As for that future, I could very well see it taking a more urban form a few years down the road. I think part of my recent reluctance to do so is related to my tendency to think all urban places will be like San Francisco. Deep down, I know that they won’t, and I think that with exploration I may well find the one I like: one where I don’t have to give up quite so many other comforts of life in order to experience it. If it came down to it and money weren’t an issue, I guess I could live in San Francisco again. It’s not a choice I’d ever make on my own, and the thought doesn’t excite me any more than does the idea of living in Greensboro for the rest of my life. But what would it take? I just don’t know right now.
The trick is to stay busy and keep my mind occupied at all times. Hence today’s achievements:
- Finishing my freelance stuff for the week.
- Organizing and tagging all 800 pictures from the trip in iPhoto (I’ll get some on flickr soon).
- Four loads of laundry.
- Much grocery shopping.
- Assorted home maintenance.
- Pondering how to stay similarly busy the rest of the weekend.
I’m impressed, particularly since I’ve also been sick all day and got almost no sleep last night.
I’ll probably spend tomorrow getting everything migrated from the (out of commission) G5 to the iMac. That will be no fun whatsoever, but it’s just what I need right now.
It’s inevitable. You always end up leaving something in the hotel room. Usually it’s something of no real value, but sometimes it’s something vitally important, maybe even something you love. And all you can do is hope they keep it safe and happy until you eventually get it back.
Random intrestingness from 30,000 feet:
- Great Torontoist post on Christmas at Eaton’s.
- Richard Burr surprises everyone by supporting legislation allowing American queers to die for the rights we don’t have.
- New York Times on commercial archaeology.
- How do I always manage to make it to Southern California just in time for record rainfall?
Free wifi and a first class upgrade (thanks, m’luv) make air travel almost tolerable.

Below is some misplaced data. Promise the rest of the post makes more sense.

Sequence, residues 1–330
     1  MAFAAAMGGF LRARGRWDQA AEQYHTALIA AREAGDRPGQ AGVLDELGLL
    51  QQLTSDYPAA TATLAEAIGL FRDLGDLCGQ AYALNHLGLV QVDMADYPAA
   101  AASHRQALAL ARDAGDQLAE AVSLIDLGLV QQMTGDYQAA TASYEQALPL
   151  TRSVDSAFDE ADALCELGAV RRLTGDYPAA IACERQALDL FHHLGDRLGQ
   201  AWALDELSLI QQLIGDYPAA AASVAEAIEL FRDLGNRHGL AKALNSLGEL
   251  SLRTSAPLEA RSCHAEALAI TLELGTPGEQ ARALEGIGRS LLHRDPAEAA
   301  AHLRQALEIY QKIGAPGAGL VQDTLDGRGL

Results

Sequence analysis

There’s a little ice storm this morning, which means, as usual, that I have to hear lots of highway workers and state troopers with heavy southern accents saying “treacherous” and”solid sheet of ice” over and over again on TV. A little variation in terminology would be nice once in a while.
I fell down the stairs.
I was going down to that basement to put some laundry into the dryer. I slipped. I slid. I landed on my back. I made horrible noises that scared Mark a lot. My teeth chattered and I started shivering. Mark mentioned internal bleeding and I remembered the blood thinners and how I’m supposed to be paranoid about impacts like these. So we went to the emergency room. It was probably an overreaction, but at least they gave me pain pills.
Funny, it all started because I was washing some dressier than usual duds for work today since one of the search committees I’m on had an on-campus interview scheduled. And as it turned out, I didn’t go to work at all, although I did show up for part of the interview–in virtual form. Serves me right for thinking about wearing a dress shirt to work, dammit.
Anyway, I’m gonna take another nap now.
Oh, and they printed my letter to the Winston-Salem Daily Pamphlet yesterday. Not my best work ever, but it suffices as my farewell to the paper.